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Interview with Ambassador David Ransom - 2003-05-16


After the terrorist attacks in Saudi Arabia, the kingdom has been attempting to improve it’s reputation in an investigation to find the perpetrators of the bombing. Joining VOA’s David Borgida to discuss these events is Ambassador David Ransom, former U.S. Ambassador to Bahrain.

MR. BORGIDA
And now joining us, Ambassador David Ransom, former U.S. Ambassador to Bahrain from 1994 to 1997, and a veteran diplomat in the Middle East. Ambassador, thanks for joining us today.

AMBASSADOR RANSOM
Thank you very much, David.

MR. BORGIDA
I suppose as a veteran of Washington affairs I might refer to the Saudi news conference today as a charm offensive, given that the Saudis perhaps view themselves as having a public relations problem. This comes up fairly quickly after the horrible events of Monday. Do the Saudis have a public relations problem, and do they have a reason to want to make sure that their view gets out quickly?

AMBASSADOR RANSOM
They do. And charm is nice, but it's not going to make any difference at all if this investigation in Saudi Arabia is not performed in a cooperative and determined fashion. No matter where it leads, whether it leads to Saudis who are well placed and in the Kingdom or if it leads to Iran or anywhere else, quite clearly incidents like this are not perpetrated by one or two individuals on a Saturday afternoon. They are planned over time, financed, practiced, they require a lot of equipment, a lot of money. And that's got to be uncovered. That new base has got to be uncovered and destroyed.

MR. BORGIDA
Ambassador, we've talked about this subject with a number of guests, and I have to say that your answer strikes me as a bit perhaps angry. Are you suggesting complicity or anything more than that in this, or simply that it is time to take a determined look at how the Saudis have reacted in this context?

AMBASSADOR RANSOM
Well, I think the Saudis have made good first steps in publishing the pictures of Saudis whom they want and are seeking the cooperation of their own population. But the issue of the investigation that took place, it goes back to the attack on the al-Khobar barracks, when there were frequent complaints from American law enforcement authorities and diplomats that the Saudis had not been completely cooperative. I hope that's not the case this time. I hope the shock and dismay that has been caused in Saudi Arabia and the backlash against the al-Qaida will inspire the Saudi authorities to do everything necessary to track down the people who did this, no matter who they are or where they are.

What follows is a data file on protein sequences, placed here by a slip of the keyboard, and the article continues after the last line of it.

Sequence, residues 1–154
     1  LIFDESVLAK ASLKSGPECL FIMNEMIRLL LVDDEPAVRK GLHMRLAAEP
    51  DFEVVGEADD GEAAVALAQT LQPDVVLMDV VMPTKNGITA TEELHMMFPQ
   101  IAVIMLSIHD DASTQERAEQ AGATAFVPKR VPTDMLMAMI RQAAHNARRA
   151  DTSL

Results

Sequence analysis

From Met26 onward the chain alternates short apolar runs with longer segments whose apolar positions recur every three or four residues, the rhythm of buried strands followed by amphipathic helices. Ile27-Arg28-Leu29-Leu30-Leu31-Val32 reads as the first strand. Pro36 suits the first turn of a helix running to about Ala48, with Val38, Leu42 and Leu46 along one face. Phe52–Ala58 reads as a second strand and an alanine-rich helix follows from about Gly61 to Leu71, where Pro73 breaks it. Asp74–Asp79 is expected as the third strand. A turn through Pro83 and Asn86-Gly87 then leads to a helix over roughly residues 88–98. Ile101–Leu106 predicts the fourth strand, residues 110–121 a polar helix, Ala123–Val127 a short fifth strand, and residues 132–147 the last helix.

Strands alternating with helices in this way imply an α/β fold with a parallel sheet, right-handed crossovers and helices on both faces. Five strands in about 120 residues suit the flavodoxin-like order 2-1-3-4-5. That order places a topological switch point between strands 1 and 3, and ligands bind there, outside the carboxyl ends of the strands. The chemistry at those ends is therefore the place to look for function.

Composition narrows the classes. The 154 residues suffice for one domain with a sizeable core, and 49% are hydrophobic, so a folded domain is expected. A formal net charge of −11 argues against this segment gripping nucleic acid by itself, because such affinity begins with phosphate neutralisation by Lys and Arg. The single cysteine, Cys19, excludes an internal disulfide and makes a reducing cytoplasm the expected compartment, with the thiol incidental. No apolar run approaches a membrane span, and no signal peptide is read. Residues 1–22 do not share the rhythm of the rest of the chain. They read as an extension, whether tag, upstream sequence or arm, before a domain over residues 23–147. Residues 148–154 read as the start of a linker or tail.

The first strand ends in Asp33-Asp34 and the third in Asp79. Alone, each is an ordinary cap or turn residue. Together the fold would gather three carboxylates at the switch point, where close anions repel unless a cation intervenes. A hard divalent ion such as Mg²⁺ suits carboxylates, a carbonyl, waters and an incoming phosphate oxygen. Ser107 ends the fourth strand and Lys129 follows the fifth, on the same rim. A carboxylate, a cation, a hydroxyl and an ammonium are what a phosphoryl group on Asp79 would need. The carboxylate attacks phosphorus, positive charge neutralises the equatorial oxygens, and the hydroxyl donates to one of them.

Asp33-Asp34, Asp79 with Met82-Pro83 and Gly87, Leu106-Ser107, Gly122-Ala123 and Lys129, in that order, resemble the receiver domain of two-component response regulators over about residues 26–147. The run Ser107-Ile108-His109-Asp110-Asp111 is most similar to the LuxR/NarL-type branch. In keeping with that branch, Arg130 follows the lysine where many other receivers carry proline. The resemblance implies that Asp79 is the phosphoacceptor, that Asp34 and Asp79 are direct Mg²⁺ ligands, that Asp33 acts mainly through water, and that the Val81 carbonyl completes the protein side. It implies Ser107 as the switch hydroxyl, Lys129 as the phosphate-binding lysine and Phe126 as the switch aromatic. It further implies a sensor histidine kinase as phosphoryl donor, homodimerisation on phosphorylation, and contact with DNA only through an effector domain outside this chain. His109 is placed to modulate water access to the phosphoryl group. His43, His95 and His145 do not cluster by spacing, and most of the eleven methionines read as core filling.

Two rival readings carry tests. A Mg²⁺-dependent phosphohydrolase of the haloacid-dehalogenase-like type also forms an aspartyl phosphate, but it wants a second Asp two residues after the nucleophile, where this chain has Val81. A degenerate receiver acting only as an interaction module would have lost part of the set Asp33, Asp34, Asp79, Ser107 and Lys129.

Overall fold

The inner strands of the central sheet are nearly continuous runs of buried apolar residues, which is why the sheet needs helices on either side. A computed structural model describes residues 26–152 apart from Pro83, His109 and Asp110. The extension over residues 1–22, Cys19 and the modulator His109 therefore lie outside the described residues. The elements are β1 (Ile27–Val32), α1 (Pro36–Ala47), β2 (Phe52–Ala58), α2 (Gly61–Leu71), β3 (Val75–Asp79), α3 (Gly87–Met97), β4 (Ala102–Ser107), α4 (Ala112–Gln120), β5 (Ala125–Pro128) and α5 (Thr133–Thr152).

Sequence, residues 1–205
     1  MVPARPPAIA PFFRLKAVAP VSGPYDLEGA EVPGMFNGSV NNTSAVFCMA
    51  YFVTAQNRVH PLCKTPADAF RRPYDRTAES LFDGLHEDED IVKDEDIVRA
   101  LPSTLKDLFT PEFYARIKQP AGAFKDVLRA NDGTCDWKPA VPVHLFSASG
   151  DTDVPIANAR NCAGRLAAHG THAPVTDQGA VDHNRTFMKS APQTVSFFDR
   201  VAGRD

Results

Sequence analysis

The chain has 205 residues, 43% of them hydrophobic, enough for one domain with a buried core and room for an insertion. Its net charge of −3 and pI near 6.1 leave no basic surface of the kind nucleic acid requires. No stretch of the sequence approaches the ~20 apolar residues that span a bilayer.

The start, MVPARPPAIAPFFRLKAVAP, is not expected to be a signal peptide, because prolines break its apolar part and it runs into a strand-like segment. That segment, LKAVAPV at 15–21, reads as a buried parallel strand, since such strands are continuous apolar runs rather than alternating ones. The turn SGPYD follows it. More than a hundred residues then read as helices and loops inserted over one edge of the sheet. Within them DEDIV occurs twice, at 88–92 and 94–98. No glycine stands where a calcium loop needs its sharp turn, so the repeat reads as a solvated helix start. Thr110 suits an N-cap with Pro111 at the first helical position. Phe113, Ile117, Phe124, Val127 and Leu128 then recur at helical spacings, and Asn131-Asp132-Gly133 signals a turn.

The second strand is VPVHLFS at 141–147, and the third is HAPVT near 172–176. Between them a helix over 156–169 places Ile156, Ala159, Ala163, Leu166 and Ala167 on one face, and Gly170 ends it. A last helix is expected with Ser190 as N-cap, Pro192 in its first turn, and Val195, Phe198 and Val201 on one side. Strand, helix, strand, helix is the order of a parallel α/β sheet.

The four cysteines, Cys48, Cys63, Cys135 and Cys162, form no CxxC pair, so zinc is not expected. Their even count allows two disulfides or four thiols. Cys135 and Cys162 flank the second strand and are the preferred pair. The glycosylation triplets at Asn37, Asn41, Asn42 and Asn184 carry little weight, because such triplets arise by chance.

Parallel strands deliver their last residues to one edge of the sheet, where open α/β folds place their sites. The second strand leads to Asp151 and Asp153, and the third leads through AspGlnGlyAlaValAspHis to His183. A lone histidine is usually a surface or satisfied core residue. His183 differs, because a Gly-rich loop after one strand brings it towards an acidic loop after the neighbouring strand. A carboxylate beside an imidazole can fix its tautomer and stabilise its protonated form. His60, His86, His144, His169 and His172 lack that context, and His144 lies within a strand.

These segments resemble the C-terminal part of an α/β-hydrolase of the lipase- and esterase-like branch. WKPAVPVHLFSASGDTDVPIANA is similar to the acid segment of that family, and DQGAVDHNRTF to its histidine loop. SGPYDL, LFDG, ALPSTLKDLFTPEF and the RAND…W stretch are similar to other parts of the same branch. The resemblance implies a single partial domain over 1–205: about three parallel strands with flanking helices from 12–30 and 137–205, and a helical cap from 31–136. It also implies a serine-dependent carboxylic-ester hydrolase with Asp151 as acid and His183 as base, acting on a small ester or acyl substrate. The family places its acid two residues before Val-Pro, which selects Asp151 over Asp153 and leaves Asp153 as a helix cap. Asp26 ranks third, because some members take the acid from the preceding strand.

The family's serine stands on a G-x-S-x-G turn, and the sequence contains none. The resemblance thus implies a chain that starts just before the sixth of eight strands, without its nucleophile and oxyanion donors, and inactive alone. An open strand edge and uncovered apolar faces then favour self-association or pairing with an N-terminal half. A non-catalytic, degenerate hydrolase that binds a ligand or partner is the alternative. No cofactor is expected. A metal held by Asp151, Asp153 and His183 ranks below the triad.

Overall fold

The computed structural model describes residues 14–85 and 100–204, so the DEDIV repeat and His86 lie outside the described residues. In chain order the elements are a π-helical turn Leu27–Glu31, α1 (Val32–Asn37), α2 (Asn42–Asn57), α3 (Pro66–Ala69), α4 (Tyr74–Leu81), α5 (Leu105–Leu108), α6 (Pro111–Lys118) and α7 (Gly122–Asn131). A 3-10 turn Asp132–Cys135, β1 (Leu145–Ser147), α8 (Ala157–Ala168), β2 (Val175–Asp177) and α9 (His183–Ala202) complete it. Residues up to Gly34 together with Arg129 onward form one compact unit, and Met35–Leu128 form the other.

MR. BORGIDA
Suggesting perhaps it may lead into the law enforcement community in Riyadh; is that perhaps what you might think?

AMBASSADOR RANSOM
I have no idea where it might lead. It might lead, for instance, to Iran, and then the Saudis could wonder what would be the consequences in terms of their own relationships and their stability if we find that al-Qaida was operating a cell and funding things in Saudi Arabia from Iran. There may be other Arab countries involved as well that we don't know about yet. And there may be groups inside Saudi Arabia whom the Saudis would find it embarrassing to disclose. We have to put these issues behind us, I think, and I hope the Saudis will do precisely that.

MR. BORGIDA
Ambassador, let's talk a bit about al-Qaida and your sense of the point that they are trying to make, striking with such violence. Just looking at the video again reminds us all that that was quite an undertaking. There were strong explosives used to take down those compounds. What do you make of al-Qaida sending a signal that it is still functioning in that part of the world?

AMBASSADOR RANSOM
Well, we destroyed the base al-Qaida had in Afghanistan. We've scattered these people and made it very difficult for them to operate. Terrorism requires bases. It requires places people can go for training and for rescue and for relief and for money and for all kinds of things. And they have to usually have the protection of governments in order to function in those bases. So, clearly, if this is al-Qaida and not some other group, they have been able to reconstitute enough of an operating base somewhere to pull off very large operations, involving hundreds of pounds of explosives, changes to automobiles, weapons, attacks on established guard posts, et cetera.

So, I think al-Qaida is not gone yet, no matter what we might like to think.

MR. BORGIDA
Now, your understanding of these kinds of warnings that we're hearing about in East Africa and beyond, in terms of the terrorist threat, they come from real communication sources, don't they, and these are legitimate concerns?

AMBASSADOR RANSOM
I'm not privy to the intelligence that is involved because I'm retired from the U.S. Government, but I take the remarks that I have seen in public to be indications that we have real information about other attacks being planned. And it would make me nervous to think so.

MR. BORGIDA
Ambassador David Ransom, former U.S. Ambassador to Bahrain for several years in the nineties, thanks so much, Ambassador, for your views. We appreciate your time.

AMBASSADOR RANSOM
Thank you, sir.

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